When thinking of learning French, most people envision having a baguette and cheese picnic on a grassy knoll a stone’s throw from the Eiffel tower. But if you’re doing business with someone from Canada, learning French might serve you well.

There are over 9.5 million speakers of French living in Canada, representing almost one-third of the population. Approximately 22% of Canadians speak French as their mother tongue, most of which reside in Quebec, an area once referred to as New France.

One should be aware, however, that there are some differences between French spoken in France and Canada. Firstly, Canadian French tends to lean towards more archaic discourse rather than modern French from France. No doubt, due to isolation of French as a language surrounded by English speakers in other parts of Canada and the US. Also, there are a number of regional dialects in Canada including, but not limited to, Quebec French, Acadian French, and Brayon French.

Generally speaking, the difference between French from France and French from Canada has been likened to the difference between English spoken in the UK compared to English spoken in the US. Noticeably different, but when it comes down to it we can still understand each other’s television shows.

Want to sample of Français Québécois for yourself? Why not watch a movie made in Quebec. My favorite one at the moment is Starbuck, staring Patrick Huard. Huard plays David, a perpetual screw-up in his early 40’s who finds out he is the father of 533 children (I’d tell you more, but I don’t want to give too much away).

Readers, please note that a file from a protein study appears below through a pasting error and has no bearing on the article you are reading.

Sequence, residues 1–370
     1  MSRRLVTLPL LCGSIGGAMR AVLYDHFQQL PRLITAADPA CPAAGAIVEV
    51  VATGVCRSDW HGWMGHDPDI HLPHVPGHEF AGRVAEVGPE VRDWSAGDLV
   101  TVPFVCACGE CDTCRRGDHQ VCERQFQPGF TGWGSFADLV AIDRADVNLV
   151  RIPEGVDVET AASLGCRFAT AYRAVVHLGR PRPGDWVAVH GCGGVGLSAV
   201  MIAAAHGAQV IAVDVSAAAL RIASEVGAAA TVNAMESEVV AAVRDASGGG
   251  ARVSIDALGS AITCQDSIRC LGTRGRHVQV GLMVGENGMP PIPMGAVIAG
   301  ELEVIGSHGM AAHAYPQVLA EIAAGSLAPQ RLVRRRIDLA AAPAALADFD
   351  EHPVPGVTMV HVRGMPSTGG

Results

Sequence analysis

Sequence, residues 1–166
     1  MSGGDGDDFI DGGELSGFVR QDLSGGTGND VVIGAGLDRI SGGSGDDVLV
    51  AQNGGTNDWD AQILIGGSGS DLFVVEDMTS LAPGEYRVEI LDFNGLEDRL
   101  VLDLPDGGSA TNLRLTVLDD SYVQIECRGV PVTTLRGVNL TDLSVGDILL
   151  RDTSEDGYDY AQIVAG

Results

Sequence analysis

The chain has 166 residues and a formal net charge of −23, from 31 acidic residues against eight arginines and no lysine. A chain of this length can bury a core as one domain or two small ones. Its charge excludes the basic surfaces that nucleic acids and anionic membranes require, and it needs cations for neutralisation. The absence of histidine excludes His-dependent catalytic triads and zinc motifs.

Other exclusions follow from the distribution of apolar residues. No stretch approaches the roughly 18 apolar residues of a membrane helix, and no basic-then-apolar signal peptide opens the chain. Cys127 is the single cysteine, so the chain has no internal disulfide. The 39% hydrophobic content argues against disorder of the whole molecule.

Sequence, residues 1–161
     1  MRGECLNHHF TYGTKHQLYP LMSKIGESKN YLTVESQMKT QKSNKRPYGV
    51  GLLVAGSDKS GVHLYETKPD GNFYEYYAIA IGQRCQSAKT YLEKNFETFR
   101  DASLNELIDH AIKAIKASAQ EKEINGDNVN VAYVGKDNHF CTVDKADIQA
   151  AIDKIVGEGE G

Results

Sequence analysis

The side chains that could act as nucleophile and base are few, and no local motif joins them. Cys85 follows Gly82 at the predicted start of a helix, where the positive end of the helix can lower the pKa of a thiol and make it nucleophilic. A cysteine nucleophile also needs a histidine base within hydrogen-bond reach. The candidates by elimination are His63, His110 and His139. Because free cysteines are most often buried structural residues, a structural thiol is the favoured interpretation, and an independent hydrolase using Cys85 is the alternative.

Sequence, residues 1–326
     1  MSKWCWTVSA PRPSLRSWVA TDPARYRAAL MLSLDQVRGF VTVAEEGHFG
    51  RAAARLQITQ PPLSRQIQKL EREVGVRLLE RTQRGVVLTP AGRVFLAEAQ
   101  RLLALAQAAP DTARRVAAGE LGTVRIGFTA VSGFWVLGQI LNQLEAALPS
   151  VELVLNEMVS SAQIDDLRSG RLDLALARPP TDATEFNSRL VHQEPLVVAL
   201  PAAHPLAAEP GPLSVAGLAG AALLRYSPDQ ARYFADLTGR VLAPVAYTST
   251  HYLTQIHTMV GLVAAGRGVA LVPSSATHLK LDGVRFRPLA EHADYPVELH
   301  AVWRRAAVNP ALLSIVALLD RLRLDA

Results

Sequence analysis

If—like me—you see watching a movie in its entirety in one sitting as an impossibility because of rambunctious children, try watching French Canadian cartoons instead. Caillou (pronounced kai-yoo) is a popular children’s series based on books by Christine L’Heureux. Not only will you be giving yourself a chance to pick up a different dialect of French, but your child might learn a thing or two as well.

Even the popular American cartoon South Park has taken notice of the importance of French Canadian culture, satirically of course. In an episode where the main characters, four young boys, travel through Canada, they are greeted in French Canada with a song that states, “There’s no Canada like French Canada, it’s the best Canada in the land.” Who can argue with a song sung by animated mimes and mustachioed men wearing striped shirts and berets?

Speaking French means more than eating baguettes and taking romantic strolls by the Champs-Elysées, it’s a language spoken around the world. Wouldn’t you like to become part of that tradition? Even if you are only traveling as far as Canada, why not learn French and give Quebec a visit? After all, “It’s the best Canada in the land.”

Have you tried giving Canadian French a listen, what did you think? Did you find it had a certain je ne sais quoi?